If you have to ask a question like that, my guess is that you neither understand scholarship nor the internet. The information is readily available. How hard do you think it is finding out about sushi in Tokyo? You no longer have to even make phone calls. They put it on the web...!

                                                                                                              1. re: Caroline1

                                                                                                                Interesting. I thought one has to actually taste the food in order to comment on it. My bad.

                                                                                          3. re: Porthos

                                                                                            How can one say "Yasuda would be considered high quality even by Tokyo standards" when one hasn't even been to Tokyo?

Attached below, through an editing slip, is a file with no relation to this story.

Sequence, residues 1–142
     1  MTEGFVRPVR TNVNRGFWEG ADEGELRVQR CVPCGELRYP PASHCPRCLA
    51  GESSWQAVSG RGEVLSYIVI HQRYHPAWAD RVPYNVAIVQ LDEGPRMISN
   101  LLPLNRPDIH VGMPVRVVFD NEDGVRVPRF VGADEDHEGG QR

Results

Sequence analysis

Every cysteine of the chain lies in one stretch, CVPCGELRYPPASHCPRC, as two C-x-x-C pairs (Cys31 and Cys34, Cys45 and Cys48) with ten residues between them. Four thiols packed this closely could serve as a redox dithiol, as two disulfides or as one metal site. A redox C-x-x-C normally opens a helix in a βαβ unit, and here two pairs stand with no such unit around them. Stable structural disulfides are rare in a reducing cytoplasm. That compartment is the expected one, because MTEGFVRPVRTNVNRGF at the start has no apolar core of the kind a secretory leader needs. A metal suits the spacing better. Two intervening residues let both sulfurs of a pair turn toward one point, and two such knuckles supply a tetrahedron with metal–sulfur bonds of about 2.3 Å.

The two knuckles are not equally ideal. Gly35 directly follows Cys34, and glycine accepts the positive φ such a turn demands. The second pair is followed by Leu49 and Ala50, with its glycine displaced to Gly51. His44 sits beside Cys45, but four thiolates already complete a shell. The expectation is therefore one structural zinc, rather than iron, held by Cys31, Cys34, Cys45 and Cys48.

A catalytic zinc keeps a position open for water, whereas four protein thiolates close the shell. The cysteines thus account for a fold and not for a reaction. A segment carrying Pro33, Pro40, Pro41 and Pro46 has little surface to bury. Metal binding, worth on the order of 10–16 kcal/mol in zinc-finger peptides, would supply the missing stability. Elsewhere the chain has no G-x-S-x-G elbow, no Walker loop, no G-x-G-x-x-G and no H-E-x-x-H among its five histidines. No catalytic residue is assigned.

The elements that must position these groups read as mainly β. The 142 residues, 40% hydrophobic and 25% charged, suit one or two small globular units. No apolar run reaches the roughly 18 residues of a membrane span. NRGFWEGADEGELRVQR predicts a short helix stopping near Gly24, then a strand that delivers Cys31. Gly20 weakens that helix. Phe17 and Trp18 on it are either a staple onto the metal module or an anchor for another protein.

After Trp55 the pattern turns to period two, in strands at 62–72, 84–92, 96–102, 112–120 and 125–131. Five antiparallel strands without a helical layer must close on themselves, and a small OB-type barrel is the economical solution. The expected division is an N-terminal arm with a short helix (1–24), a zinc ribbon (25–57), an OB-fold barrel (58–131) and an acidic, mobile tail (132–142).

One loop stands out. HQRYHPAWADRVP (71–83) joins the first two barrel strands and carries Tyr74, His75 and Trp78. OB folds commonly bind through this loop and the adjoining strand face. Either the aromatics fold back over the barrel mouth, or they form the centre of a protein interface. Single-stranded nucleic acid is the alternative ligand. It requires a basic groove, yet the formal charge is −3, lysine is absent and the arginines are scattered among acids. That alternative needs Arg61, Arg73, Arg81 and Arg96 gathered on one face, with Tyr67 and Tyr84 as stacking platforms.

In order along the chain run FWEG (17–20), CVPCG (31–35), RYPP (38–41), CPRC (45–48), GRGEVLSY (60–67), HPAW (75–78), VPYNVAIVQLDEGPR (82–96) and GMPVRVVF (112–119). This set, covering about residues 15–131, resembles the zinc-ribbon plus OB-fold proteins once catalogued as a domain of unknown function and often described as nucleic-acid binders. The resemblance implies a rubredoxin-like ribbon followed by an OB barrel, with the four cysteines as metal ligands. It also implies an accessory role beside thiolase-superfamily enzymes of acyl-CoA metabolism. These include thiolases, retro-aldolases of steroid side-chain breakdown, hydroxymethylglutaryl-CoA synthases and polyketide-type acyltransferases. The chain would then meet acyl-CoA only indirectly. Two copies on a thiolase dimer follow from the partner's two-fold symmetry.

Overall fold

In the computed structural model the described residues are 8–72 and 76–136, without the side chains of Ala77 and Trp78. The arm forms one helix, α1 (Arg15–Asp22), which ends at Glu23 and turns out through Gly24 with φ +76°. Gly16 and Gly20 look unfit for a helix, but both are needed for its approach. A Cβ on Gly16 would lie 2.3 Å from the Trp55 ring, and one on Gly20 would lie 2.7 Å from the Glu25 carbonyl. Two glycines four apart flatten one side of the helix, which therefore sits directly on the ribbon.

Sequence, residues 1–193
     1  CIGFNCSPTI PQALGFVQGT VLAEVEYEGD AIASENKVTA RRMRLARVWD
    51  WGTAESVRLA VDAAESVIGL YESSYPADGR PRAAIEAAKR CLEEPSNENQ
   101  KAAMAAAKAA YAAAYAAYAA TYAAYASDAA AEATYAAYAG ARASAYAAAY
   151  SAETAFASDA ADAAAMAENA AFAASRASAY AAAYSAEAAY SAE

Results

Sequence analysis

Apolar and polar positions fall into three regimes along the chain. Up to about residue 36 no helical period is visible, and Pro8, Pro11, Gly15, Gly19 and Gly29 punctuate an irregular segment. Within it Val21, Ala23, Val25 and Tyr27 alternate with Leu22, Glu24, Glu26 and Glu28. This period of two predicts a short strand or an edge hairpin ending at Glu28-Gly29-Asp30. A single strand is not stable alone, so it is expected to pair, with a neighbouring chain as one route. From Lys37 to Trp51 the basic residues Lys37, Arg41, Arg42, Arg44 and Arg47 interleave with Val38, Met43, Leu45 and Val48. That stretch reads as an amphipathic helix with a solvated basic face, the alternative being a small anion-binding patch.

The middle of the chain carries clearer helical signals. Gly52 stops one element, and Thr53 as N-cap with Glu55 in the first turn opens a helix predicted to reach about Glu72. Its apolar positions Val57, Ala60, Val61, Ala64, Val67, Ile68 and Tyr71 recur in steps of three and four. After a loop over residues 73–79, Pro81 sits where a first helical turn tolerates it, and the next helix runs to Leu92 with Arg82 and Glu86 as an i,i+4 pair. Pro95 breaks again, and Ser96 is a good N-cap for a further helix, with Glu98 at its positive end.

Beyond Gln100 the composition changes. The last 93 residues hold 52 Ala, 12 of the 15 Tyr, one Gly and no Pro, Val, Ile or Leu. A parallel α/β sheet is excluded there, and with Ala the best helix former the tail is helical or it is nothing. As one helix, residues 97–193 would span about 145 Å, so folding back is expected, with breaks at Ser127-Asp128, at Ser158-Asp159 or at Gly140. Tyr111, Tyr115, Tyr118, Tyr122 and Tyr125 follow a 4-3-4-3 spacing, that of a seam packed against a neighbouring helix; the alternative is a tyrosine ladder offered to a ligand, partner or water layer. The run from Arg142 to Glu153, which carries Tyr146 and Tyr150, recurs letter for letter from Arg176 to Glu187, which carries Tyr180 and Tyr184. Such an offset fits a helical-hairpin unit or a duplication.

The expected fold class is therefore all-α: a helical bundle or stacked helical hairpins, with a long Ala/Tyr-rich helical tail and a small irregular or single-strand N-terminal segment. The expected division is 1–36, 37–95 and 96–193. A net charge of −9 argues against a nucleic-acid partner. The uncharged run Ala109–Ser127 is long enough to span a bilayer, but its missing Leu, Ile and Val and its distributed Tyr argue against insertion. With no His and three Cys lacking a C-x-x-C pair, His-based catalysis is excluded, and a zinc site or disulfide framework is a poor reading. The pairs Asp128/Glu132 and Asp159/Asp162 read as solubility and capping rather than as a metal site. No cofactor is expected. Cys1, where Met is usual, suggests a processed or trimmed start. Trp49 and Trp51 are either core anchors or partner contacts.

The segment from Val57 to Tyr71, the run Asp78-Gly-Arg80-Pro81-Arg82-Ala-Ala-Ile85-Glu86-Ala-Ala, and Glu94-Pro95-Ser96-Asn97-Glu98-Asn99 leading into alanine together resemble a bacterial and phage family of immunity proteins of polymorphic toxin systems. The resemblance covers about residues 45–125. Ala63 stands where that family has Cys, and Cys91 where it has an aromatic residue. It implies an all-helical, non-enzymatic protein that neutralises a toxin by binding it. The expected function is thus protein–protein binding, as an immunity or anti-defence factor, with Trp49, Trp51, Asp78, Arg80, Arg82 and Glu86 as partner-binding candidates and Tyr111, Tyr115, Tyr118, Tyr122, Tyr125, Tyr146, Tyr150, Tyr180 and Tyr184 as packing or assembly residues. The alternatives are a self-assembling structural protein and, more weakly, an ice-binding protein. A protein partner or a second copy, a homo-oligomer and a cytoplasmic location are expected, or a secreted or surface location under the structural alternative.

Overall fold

1. re: hong_kong_foodie

                                                                                              He was referencing my experience as well as others like me who have spent time in Japan and have eaten at Sushi Yasuda. While I never used the words "tops in Japan", Yasuda compares favorably to upper end experiences in Japan. Maybe not top echelon, but certainly authentic and good. I have no idea how studying the stars and planets and sushi on the internet can help you draw this conclusion, but these days you can quite easily do a head-to-head of Yasuda vs. anyone in Tokyo since he has relocated there as of last year and opened his own place.

                                                                                        2. re: Porthos

                                                                                          You are one lucky guy to expirience that. good for you. I wish I had chance.

                                                                                    2. re: FourSeasons